note: entire contents copyright 1999 by Larry Stark
by Cynthia Mercali
Directed by Nerissa Aschoff
Stage Manager Sanjay Chaudhry
To be relevant, this review must be readable by dawn Saturday, 10 July; otherwise, the ReveScape Company will believe I have once again seen one of their shows (as I did "Love Is Murder") and decided it was un-reviewably bad ... and that is Not true of "Snapshots" at all. Instead of a big, trivial many-roled sow's-ear of a script, this time they have chosen a dense, intense series of relevant monologues that exploit the strengths of its three female actors while examining the state, the plight and the roles of women in this society. Unfortunately, it will close Saturday night after only two sparsely attended performances. It deserves revival.
Cynthia Mercali's script has three best-friends coming together periodically through life to discuss major themes, and between these threesomes each woman has several monologues defining herself by dealing with unique problems. Pre-highschool, the three are choosing which personal heart-throbs they'd like to marry, while later they find that two or three kids --- or even just one --- forces them to be "ordinary" ... just like their Moms! Another twist of the kaleidoscope and they wonder why the "really old" women they are dangerously close to becoming are so invisible, and where do they really go all the time? Their final colloquy is while all three --- after a maybe fatal car accident --- hover, wondering whether to go through the tunnel to the unknown or to go back to life, changed by their out-of-body experiences.
Nerissa Aschoff (who both acts and directs) has elected to play the clear-eyed sceptic who can criticize runaway romanticism, but gets little joy out of the life she criticizes. Her problem is trying to live a life she knows is flawed, and this is best illustrated in her interior monologue as a soccer-hating soccer-mom trying to cheer on her inadequate kid while feeling the critical stares of a herd of more with-it, more bovine mothers. She embodied ambivalence perfectly.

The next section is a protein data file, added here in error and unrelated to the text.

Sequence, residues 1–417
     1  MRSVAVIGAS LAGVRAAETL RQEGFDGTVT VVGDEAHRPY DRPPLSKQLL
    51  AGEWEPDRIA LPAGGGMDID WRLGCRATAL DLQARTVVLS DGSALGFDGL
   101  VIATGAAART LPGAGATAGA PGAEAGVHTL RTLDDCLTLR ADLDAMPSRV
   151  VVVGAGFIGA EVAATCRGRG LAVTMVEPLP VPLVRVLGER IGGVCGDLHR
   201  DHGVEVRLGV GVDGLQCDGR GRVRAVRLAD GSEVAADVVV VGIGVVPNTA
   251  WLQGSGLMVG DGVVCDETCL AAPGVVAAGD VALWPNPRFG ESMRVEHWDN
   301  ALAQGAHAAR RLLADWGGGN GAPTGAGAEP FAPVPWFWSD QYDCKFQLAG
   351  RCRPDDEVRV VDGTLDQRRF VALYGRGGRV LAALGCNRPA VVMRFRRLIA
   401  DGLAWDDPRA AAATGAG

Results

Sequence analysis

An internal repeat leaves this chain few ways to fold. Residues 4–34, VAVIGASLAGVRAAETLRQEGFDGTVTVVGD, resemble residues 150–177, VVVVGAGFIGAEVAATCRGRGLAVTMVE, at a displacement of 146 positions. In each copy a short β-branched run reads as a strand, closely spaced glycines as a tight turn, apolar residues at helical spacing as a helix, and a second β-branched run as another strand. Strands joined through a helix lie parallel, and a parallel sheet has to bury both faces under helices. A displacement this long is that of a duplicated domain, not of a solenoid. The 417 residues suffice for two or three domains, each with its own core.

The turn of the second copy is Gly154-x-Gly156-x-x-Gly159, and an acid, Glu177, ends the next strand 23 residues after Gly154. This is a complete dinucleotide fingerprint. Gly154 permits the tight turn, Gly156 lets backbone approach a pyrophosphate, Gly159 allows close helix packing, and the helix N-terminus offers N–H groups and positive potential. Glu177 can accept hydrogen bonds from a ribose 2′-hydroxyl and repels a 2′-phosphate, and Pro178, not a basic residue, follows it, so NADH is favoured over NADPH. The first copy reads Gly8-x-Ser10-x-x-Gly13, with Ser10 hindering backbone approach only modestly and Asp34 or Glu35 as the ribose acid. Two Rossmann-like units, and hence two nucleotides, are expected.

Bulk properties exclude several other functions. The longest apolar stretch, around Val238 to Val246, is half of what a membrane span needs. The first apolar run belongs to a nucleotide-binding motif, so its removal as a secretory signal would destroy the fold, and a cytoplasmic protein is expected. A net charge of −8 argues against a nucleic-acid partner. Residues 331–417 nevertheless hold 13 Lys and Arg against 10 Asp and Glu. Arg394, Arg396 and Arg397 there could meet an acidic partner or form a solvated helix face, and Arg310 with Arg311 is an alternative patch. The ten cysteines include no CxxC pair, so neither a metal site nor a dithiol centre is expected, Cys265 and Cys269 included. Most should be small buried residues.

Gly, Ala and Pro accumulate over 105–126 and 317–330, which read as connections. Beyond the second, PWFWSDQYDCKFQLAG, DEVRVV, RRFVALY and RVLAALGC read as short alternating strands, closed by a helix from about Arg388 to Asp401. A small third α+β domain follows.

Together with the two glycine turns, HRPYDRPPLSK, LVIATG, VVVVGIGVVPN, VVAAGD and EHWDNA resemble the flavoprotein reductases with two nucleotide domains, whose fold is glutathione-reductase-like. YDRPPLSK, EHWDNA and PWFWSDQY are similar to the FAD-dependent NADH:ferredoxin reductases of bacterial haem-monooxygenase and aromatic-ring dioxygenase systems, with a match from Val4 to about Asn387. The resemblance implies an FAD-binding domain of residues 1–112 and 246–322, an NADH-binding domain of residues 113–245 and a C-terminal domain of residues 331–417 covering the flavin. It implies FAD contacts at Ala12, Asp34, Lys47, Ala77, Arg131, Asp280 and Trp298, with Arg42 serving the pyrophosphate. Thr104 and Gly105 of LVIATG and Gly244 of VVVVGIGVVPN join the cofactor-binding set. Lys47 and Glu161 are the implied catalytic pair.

Juliet Bowler takes on the solidly accepting role as willing wife and mother always dealing with a weight problem. She deals satirically with women's lot as "Sherah, Keeper of The Socks" then directly in an angry admission that over-eating is her emotional attempt to compensate for being fat. Her self-critical stance makes her start out one-down --- grumpily choosing to marry a Dick Van Dyke rather than a Sean Connery.
Nada Guirgis is the romantic, always insisting that, right now, she will transform herself into her ideal. She is the misty-eyed seeker eager for what she expects will be the joys of life. Her transitional monologue is a critique of the politically militant passive-resisters of the '60s who didn't realize how easy it would be to stop the war if they could simply hold a pistol to Richard Nixon's head.
As individuals and as ensemble this trio is excellent. The bare Actors' Workshop stage with minimal props concentrates attention on the individuals; the little details in seemingly disjointed monologues add up to build the characters, and they resonate with the feminist experience of the past half-decade.
And, as a company, you've come a long way, ladies.
ReveScape's first production "Love is Murder" (which Nerissa Aschoff also directed) was a sprawlingly silly send-up of the Barbara Cartland style of romance-fiction writers. The characters were so cardboard that the only acting style possible was external melodramatic posturing. It was a play designed for stage-struck amateurs.
"Snapshots" though is a whole different view of women. Only two of the original company members survive here, but through the intense inner examination such a show requires they have grown immensely. Everything about this production is improved, all the actresses are comfortably themselves on stage, speaking directly and honestly to one another, or to the audience.
The new company member, Juliet Bowler, is the only one with thorough training and extensive stage experience, and it shows. She knows how to project both her voice and her passions --- but her sisters onstage held their own. They became an ensemble, and Nerissa Aschoff as an intelligent director could smooth their work into a coherent whole. The two young actresses learned a lot between their two productions, about reading lines and about making characters live. What they might add now is technique. Nada Guirgis for instance speaks from her shoulders rather than her diaphragm, and rises to a charming squeek when trying to increase volume. And when Nerissa Aschoff gets thoughtfully quiet her voice doesn't fill even the small Actors' Workshop auditorium. Six months of breath-control exercises would help each of them enormously --- unless of course they'd prefer to do television or films rather than acting on the stage.
Tonight will be your last chance to see ReveScape do "Snapshots".